The Białystok pogrom occurred between 14–16 June 1906 (1–3 June Old Style) in Białystok, then part of the Russian Empire, now in Poland. During the pogrom between 81 and 88 people were killed, and about 80 people were wounded.
At the beginning of 20th century Białystok was a city with a predominantly Jewish population. In 1895, the Jewish population numbered 47,783 (out of 62,993, or about 76%). Białystok was primarily a city known for its textile manufacturing, commerce and industry. During the 1905 Russian Revolution the city was a center of the radical labour movement, with strong organisations of the Bund and the Polish Socialist Party as well as the more radical anarchists of the Black Banner association.
In the summer of 1904, an eighteen-year-old anarchist, Nisan Farber, stabbed and seriously wounded Avraam Kogan, the owner of a spinning mill, as he walked to the synagogue on Yom Kippur. On October 6, Farber threw a bomb into a police station, injuring several policemen inside. Farber himself was killed by the explosion.
On February 21, 1905 the district's Chief of Police, Yelchin, was killed, and on June 8 the city's new Police Chief, Pelenkin, was wounded by another bomb blast. On July 1905 two police officers were wounded by a bomb, thrown by the Jewish anarchist Aron Elin (Gelinker). Furthermore, in 1905, police officers Mozger, Moneshko, Barancevich were killed and eight other policemen wounded.
As a consequence of the violence, martial law was declared in Białystok in September 1905, which lasted until March 1906. After martial law was lifted the series of assassinations and acts of terror began anew. On March 4, the police officer Kulchitsky was killed, followed by the killings of gendarme officer Rubansky, and NCO Syrolevich, who were killed on March 18. In May 1906 police officer Sheyman was killed by anarchists. Later the policemen Zenevich and Alekseychuk were wounded, three privates of the Vladimir infantry regiment were wounded and the Cossack Lopatin was killed.
These events led to a demoralization and disorganization of the police in the city. Between the years 1905-1906 there were seven police chiefs. The police did not enter Surazh street, which was considered a stronghold of anarchists.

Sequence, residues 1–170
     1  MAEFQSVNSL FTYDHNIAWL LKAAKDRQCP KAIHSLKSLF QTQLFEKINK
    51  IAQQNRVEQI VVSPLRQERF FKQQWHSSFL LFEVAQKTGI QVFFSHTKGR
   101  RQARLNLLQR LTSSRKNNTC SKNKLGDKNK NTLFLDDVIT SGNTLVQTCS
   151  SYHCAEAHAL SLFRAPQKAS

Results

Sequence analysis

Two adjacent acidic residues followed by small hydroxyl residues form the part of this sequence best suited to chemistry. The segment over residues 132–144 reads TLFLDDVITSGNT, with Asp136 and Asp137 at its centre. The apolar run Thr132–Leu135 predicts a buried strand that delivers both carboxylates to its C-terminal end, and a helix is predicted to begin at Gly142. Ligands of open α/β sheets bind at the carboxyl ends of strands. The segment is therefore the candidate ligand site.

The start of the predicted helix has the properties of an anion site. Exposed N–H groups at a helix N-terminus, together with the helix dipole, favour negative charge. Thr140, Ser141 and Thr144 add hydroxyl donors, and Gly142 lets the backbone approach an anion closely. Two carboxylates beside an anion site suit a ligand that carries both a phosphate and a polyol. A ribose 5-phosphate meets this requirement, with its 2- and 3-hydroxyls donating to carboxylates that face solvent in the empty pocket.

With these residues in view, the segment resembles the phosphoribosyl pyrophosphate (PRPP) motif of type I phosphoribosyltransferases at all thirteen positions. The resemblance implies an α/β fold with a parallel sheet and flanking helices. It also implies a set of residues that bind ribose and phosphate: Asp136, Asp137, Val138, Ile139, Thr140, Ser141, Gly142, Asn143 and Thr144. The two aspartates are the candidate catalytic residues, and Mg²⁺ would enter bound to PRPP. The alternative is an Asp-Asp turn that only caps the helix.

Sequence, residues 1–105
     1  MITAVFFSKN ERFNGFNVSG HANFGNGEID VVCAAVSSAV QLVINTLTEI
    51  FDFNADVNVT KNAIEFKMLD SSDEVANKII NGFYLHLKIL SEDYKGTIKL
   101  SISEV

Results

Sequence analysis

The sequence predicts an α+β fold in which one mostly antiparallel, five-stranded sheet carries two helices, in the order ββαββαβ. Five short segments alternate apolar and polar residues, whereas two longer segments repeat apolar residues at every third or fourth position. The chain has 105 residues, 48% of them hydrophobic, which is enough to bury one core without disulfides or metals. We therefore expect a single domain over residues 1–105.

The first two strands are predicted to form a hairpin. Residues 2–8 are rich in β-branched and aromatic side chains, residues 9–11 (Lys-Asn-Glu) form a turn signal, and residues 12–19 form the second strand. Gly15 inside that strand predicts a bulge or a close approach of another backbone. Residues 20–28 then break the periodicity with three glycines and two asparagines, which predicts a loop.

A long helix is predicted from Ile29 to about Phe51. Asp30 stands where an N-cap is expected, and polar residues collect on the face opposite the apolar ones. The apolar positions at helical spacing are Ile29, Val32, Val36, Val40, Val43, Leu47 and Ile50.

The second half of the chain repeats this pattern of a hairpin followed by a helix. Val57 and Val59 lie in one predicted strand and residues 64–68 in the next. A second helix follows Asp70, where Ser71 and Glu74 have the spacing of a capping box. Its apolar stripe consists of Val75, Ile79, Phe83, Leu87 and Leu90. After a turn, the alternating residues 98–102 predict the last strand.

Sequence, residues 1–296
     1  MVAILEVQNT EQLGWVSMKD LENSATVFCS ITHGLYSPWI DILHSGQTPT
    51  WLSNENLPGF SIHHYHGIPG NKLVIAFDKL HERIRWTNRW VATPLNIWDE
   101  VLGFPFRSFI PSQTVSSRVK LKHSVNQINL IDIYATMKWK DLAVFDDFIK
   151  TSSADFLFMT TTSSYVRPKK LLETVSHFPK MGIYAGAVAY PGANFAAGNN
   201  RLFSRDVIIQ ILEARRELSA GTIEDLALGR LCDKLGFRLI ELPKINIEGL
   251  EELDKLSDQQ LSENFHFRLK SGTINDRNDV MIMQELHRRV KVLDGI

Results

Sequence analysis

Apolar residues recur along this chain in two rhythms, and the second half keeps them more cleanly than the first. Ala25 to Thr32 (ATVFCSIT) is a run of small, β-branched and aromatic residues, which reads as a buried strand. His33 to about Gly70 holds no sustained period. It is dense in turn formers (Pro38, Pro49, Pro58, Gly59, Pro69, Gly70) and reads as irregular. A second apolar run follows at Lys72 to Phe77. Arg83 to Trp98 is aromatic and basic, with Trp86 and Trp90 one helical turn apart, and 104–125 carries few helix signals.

On 11 June 1906 the Police Chief of Białystok, Derkacz, was murdered, most likely on the orders of the Russian commissar and fervent anti-semite Szeremietiev. Derkacz, who was Polish, was known for his liberal sympathies and opposition to anti-semitism; for this he was respected by both the Jewish Bund and the Polish Socialist Party. On a previous occasion, when Russian soldiers attacked Jews in the marketplace, Derkacz had sent in his policemen to put down the violence and had declared that a pogrom against the Jews would occur “only over his dead body”. His murder was a foreboding of the violence to come, as people in the city noted that after Derkacz’s death Russian soldiers began preparing for a pogrom.
On 14 June, two Christian processions took place; a Catholic one through the market square celebrating Corpus Christi and an Orthodox one through Białystok’s New Town celebrating the founding of a cathedral. The Orthodox procession was followed by a unit of soldiers. A bomb was thrown at the Catholic procession and shots were fired at the Orthodox procession. A watchman of a local school, Stanislaw Milyusski, and three women Anna Demidyuk, Aleksandra Minkovskaya and Maria Kommisaryuk, were wounded. These incidents constituted signals for the beginning of the pogrom. Witnesses reported that simultaneously with the shots someone shouted “Beat the Jews!” After the pogrom, a peasant who was arrested for unrelated charges in the nearby town of Zabłudów confessed that he had been paid a substantial amount of money to fire on the Orthodox procession in order to provoke the pogrom. Russian authorities announced that Jews had fired on the Orthodox procession.
Once the shots were fired, the violence began immediately. Mobs of thugs, including members of the Black Hundreds, began looting Jewish owned stores and apartments on Nova-Linsk Street. Policemen and soldiers who had earlier followed the Orthodox procession either allowed the violence to happen or participated in it themselves. The first day of the pogrom was chaotic. While units of the Czarist army, brought to Białystok by Russian authorities, exchanged fire with Jewish paramilitary groups, thugs armed with knives and crowbars dispersed throughout the main areas of the city to continue the pogrom. Some Jewish sections of the city were protected by self-defense units, usually organized by the labor parties, which moved against the thugs and looters. They were in turn fired upon by Czarist dragoons. Thanks to the Jewish self-defense units several working class sections of the city were spared the violence and thousands of lives were saved.